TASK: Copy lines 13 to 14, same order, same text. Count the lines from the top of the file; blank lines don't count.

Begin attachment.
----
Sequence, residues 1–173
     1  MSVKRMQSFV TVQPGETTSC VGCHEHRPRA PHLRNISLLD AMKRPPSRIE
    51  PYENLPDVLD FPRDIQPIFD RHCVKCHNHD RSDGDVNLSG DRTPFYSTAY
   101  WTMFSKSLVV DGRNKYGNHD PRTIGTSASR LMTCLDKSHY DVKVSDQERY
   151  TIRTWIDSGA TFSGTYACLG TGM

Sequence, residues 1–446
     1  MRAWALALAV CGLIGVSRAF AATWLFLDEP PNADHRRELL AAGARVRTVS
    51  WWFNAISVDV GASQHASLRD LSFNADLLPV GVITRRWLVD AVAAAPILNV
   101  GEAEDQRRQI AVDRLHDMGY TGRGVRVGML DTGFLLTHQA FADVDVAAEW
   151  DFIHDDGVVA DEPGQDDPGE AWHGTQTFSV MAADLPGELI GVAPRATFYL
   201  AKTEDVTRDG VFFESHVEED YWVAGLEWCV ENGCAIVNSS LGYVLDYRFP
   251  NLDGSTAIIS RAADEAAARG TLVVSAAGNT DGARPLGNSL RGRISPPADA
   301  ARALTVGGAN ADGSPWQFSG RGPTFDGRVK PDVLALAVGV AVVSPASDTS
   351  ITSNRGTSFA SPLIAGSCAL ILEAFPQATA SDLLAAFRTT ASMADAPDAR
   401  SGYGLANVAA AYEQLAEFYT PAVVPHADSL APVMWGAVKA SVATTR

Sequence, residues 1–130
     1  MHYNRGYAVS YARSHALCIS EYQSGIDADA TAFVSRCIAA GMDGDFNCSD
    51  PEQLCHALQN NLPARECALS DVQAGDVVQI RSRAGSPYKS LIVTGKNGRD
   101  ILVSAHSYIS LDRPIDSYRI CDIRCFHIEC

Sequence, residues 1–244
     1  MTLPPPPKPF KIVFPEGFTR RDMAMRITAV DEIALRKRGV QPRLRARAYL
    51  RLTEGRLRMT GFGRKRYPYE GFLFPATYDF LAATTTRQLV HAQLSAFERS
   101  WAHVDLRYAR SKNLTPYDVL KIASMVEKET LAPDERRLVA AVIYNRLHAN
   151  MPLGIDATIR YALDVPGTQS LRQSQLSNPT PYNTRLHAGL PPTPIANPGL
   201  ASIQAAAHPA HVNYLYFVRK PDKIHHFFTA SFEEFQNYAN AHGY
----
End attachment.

   301  ARALTVGGAN ADGSPWQFSG RGPTFDGRVK PDVLALAVGV AVVSPASDTS
   351  ITSNRGTSFA SPLIAGSCAL ILEAFPQATA SDLLAAFRTT ASMADAPDAR